These are just a handful of examples illustrating VMware is growing stronger and leading the industry into the next era of computing. As our portfolio grows both organically and through acquisitions, our field is engaging with customers across a wide spectrum of opportunities. One example: a large financial services company is a long-time VMware virtualization server consolidation customer. As they progress on their virtualization journey, they are making investments to enhance quality of service for their millions of users. As such, we are working with them to create a modern architecture that will provide them benefits of cloud computing. In this pursuit they signed a large ELA in the second quarter and are taking advantage of much of our portfolio, including vSphere, VCenter, View and SpringSource.
Our operational progress and strengthening customer relationships are absolutely essential as we expand our business. The launch of vSphere 4.1 earlier this month illustrates how we are executing on all cylinders to ensure that VMware is the source for customers, including those moving to the cloud. Beyond the significant technical advancements of vSphere 4.1, like better scale and improved performance which extend vSphere’s technical capabilities further into a class by itself, we also announced some strategic moves to expand our go-to-market efforts and further align our business model with customers’ needs. For example, we announced a per-VM pricing model for our management products. This new model aligns license costs to the number of virtual machines being managed, rather than to the physical hardware. As virtualization and cloud computing become prevalent models of IT infrastructure, the virtual machine is rapidly becoming a standard measure of infrastructure deployments. In a virtualized environment, the hardware configuration is abstracted, and the physical compute resource required can change frequently due to the virtual machine migrations across the data center, thus making hardware-based licensing difficult to manage.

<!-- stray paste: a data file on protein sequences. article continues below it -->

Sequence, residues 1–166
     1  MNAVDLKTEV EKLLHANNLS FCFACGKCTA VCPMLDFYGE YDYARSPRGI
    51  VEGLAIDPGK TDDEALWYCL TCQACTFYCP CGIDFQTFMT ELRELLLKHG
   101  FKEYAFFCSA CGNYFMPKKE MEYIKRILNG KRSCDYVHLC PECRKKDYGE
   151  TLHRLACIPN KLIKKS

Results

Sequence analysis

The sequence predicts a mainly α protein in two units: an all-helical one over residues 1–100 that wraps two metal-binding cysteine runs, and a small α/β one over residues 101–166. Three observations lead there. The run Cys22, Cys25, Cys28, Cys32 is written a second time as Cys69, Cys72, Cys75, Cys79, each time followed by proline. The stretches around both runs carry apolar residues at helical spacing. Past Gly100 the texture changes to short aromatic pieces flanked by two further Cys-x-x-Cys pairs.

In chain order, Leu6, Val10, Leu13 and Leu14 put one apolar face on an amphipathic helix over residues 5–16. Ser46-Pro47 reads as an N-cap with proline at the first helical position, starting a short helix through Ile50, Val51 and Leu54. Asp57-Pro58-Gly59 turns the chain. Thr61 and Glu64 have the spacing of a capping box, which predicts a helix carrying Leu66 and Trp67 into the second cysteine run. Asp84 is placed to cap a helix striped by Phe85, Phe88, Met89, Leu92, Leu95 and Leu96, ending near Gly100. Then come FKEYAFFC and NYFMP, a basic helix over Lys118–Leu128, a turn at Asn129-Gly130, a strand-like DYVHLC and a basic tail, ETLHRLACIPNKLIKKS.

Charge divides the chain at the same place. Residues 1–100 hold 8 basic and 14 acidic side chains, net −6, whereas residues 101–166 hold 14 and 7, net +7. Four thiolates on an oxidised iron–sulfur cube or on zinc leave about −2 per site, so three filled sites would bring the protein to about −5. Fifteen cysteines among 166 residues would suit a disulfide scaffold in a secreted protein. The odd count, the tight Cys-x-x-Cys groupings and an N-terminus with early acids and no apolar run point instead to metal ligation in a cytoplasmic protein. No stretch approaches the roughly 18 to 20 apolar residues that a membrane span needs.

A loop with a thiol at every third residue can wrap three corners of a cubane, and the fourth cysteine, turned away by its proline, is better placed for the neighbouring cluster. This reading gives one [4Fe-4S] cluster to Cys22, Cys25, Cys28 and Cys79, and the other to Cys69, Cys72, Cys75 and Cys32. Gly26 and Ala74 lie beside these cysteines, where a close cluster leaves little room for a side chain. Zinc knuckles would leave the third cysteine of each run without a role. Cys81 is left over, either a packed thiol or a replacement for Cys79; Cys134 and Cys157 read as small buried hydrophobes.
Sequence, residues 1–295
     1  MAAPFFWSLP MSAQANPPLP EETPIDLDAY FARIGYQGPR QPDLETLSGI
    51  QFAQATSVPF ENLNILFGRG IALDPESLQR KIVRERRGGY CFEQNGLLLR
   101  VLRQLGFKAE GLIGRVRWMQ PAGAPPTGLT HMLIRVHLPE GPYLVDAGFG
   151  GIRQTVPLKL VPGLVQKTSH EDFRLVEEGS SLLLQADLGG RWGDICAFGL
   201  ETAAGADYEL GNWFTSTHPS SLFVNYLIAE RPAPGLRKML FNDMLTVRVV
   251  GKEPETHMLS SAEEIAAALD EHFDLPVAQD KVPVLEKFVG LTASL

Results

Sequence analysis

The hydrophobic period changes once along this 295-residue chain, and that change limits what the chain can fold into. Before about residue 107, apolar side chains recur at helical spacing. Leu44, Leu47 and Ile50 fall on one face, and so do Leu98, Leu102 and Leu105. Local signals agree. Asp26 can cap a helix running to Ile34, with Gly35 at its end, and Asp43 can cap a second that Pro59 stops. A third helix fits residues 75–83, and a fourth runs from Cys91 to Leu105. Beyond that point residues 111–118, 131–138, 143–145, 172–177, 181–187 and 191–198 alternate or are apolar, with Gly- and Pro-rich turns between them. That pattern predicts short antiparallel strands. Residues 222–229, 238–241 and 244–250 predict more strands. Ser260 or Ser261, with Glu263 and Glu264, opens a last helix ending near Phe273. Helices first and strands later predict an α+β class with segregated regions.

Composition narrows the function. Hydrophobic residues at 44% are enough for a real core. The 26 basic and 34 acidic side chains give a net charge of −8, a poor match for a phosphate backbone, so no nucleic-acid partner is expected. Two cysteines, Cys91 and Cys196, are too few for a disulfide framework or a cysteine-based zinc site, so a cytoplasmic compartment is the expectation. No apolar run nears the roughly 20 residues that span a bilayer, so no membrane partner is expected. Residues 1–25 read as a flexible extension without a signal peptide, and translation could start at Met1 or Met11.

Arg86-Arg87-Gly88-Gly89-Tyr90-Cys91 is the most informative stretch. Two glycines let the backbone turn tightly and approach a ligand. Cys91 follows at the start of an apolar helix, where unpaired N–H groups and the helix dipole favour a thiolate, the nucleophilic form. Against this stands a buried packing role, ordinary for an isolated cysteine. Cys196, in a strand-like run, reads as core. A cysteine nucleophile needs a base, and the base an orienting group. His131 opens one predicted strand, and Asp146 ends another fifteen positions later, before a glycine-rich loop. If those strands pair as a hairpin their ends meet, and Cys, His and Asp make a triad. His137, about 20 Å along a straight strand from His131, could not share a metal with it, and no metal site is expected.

A virtual machine-based license model offers customers better alignment between customer costs and benefits delivered. We also expect this model will better support customers’ needs as workloads move across diverse hardware configurations, including multiple CPU scenarios without incurring additional costs. In discussions with customers and industry analysts about this pricing model change, the feedback has been very positive. Our per-VM pricing will be in effect on September 1st for VMware vCenter management products only.
Next, we’ve quickly integrated the Ionix management products we acquired from EMC in April, launching them with vSphere 4.1. This broadened our management portfolio to deliver a more complete set of solutions to automate the management of dynamic, virtualized systems. Specifically, we launched vCenter Configuration Manager and vCenter Application Discovery Manager, both former Ionix products.
Another exciting announcement we made this month will further expand our value proposition and reach to the SMB market with vSphere 4.1. As we’ve mentioned before, in general the SMB market, once it begins the virtualization journey, moves along at a much faster pace than enterprise, partly because they have fewer servers but also they have fewer people, processes, and cultural implications to deal with as they transform their IT departments. Our pricing and packaging of vSphere 4.1 for the SMB market significantly changes the game for smaller organizations that want to experience high-value virtualization from the market-leading and proven vendor.
Analyst surveys have acknowledged that well over half of the smaller organizations that are adopting server virtualization highly desire disaster recovery and business continuity capabilities. Beyond the proven functionality we provide today to the SMB market, we are now expanding the value proposition of vSphere 4.2. Specifically we have made vMotion available within our Essentials Plus SKU. We have seen tremendous momentum with our Essentials products in the first half of 2010, and I expect this move will pay dividends in the form of further customer acquisition and expansion in the SMB market.
Now turning to our desktop business. We continue to hold high expectations for the desktop virtualization market, yet it remains difficult to predict at what pace customer interest and evaluations will turn into accelerated buying. We are seeing Windows 7 upgrades, and the proliferation of new end-user devices such as the iPad and Smart phones are fueling public discussion and customer interest. However, no single technical or economic tipping point is emerging as the accelerant to VDI adoption.